Now that the Healthcare.gov web site is working a lot better than it did on its disastrous roll-out, more uninsured consumers are beginning to sign up and ...
Need a last-minute gift? Don't buy a store gift card
Good luck to recipients trying to trade or sell uwanted gift cards
It’s crunch time, people, and if you still haven’t bought Christmas gifts for various folks on your list, maybe you’re thinking “Y’know, I’ll just buy them a gift card for this store here, and let them choose for themselves what they want.”
And we’re here to tell you: that’s a bad idea. Not the whole “let them choose” bit, but the part where you decide to buy them a store-specific gift card; if you must give a card in lieu of actual money, a prepaid debit card valid with any merchant who takes credit cards is far better than a gift card limited to one company.
If you don’t believe us, take a look at this advertising email a friend of ours received and forwarded to us, announcing that “Gift Card Exchange Day is Dec. 26.” The email came from “Gift Card Granny,” alleged seller of “discount gift cards” — a business model that plainly would not exist if not for legions of people getting gift cards they don’t want.
The National Retail Federation reported 80 percent of shoppers planned to give gift cards as presents this holiday season. Additionally, gift cards have topped holiday wish lists for seven years running, with six in 10 consumers hoping to receive one for Christmas this year. Meanwhile, the CEB TowerGroup reports $1.7 billion in gift cards went unused in 2012, leaving quite a bit of money on the collective table.
Indeed. The idea behind the Gift Card Exchange is that people who got unwanted gift cards for Christmas can try selling them for cash — although the odds that, say, a $25 gift card to Company X sell for the full $25 are very slim.
Point is, if you’re the one who shelled out the $25 for that unwanted gift card, chances are your recipient won’t get to spend anywhere near the full amount anyway; you probably gifted money to the store rather than your friend or loved one.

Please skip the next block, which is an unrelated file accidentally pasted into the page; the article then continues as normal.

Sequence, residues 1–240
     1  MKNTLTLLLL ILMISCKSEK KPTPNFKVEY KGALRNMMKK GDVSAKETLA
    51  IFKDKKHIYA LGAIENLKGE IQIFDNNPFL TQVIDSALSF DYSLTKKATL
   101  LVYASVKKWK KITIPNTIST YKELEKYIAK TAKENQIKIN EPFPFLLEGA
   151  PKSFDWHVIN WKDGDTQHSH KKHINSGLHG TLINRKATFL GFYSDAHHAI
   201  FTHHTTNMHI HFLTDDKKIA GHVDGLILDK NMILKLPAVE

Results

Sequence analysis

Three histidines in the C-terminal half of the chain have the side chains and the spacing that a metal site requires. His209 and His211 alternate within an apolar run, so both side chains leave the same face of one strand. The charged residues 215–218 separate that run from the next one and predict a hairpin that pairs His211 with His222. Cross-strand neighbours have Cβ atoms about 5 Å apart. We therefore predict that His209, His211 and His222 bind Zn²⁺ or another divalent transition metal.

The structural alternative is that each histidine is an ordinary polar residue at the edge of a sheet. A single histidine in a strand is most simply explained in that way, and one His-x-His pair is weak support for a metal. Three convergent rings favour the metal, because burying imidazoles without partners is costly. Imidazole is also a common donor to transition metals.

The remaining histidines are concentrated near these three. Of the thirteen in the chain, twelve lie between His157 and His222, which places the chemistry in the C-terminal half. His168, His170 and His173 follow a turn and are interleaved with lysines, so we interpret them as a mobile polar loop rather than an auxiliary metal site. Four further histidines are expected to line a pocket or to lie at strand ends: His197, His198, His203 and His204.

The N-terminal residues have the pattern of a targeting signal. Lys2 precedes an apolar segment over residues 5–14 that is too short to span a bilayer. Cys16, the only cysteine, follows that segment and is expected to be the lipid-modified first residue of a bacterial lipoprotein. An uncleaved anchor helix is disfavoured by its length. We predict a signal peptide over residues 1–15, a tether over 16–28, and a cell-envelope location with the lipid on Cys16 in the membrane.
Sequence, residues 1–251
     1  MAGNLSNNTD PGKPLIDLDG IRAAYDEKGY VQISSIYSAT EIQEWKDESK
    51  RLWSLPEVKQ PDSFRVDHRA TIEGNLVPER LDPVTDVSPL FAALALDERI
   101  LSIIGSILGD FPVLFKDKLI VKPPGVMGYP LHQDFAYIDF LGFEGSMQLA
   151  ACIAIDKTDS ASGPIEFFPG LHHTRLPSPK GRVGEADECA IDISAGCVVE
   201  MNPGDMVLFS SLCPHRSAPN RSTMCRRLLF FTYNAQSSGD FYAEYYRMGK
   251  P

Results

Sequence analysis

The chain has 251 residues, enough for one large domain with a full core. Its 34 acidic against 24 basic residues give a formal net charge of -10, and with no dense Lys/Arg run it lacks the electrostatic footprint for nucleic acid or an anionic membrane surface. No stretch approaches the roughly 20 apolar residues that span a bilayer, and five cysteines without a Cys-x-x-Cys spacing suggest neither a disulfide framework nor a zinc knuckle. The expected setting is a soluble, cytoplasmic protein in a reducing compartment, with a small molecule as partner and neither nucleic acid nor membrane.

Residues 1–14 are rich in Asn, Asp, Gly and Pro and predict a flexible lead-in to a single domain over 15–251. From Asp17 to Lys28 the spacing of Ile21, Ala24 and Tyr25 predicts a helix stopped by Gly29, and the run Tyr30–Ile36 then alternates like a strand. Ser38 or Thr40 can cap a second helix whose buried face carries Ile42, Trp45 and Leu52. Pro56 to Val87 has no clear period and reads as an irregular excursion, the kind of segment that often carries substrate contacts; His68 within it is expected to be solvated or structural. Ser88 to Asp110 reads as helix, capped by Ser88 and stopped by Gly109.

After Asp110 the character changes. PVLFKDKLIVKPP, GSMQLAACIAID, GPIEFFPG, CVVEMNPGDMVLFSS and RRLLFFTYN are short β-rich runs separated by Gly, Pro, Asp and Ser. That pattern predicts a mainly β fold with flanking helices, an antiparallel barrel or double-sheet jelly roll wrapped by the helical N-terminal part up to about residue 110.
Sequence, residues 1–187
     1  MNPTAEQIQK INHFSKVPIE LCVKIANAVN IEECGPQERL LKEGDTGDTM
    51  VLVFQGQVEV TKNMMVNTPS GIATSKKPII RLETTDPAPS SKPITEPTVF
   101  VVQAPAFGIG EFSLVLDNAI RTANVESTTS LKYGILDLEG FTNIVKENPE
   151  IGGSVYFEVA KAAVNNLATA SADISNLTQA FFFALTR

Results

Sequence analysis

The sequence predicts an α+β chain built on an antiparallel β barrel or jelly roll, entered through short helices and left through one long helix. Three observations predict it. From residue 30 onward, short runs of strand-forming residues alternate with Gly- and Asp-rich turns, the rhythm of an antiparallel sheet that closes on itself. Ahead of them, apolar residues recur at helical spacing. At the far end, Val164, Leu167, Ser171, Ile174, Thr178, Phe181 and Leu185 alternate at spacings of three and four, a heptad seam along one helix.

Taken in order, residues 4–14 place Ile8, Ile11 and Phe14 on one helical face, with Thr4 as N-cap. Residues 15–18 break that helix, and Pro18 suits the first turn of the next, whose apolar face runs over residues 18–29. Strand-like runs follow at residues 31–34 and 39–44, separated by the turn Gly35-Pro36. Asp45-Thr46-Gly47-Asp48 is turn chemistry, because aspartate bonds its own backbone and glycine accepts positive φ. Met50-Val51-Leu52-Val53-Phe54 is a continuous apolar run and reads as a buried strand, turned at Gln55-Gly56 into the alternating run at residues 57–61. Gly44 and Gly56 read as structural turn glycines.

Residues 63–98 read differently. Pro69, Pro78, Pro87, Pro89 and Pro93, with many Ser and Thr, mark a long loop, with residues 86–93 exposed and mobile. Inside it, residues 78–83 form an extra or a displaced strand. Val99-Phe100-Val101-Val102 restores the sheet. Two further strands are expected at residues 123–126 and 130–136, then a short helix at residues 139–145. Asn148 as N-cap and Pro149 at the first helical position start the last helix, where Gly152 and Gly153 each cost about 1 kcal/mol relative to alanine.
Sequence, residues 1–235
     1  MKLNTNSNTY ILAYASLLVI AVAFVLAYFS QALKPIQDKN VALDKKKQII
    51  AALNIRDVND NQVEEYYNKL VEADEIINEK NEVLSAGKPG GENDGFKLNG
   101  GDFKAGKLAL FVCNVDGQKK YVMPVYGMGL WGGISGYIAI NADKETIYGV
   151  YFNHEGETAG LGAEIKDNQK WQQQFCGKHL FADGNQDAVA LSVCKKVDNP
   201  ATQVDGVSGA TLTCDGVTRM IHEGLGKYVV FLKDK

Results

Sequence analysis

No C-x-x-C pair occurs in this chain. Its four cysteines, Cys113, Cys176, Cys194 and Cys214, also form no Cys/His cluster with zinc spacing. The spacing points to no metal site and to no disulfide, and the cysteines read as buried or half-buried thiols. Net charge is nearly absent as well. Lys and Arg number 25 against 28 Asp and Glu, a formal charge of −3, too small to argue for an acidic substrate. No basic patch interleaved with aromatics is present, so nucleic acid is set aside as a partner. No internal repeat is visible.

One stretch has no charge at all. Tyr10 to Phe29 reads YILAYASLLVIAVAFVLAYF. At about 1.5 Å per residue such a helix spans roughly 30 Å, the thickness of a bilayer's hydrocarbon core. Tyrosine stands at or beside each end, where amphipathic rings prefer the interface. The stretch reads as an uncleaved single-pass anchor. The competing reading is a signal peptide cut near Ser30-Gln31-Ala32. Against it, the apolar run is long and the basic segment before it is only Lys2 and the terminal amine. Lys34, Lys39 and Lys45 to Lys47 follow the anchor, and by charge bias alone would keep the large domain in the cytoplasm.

It’s crunch time, people, and if you still haven’t bought Christmas gifts for various folks on your list, maybe you’re thinking “Y’know, I’ll just buy them...
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By Jennifer Abel
IRS opens 2014 tax season a day late this year
The agency says the government shutdown has put it behind
Santa hasn't even made his rounds yet and already Uncle Sam is on your doorstep with his hand out.
The Internal Revenue Service (IRS) has just announced that it plans to open the 2014 filing season on Jan. 31. The tax agency says this will allow it adequate time to program and test its tax processing systems. The annual process for updating IRS systems saw significant delays in October following the 16-day federal government shutdown.
“Our teams have been working hard throughout the fall to prepare for the upcoming tax season,” IRS Acting Commissioner Danny Werfel said. “The late January opening gives us enough time to get things right with our programming, testing and systems validation. It’s a complex process, and our bottom-line goal is to provide a smooth filing and refund process for the nation’s taxpayers.”
Shutdown produces delays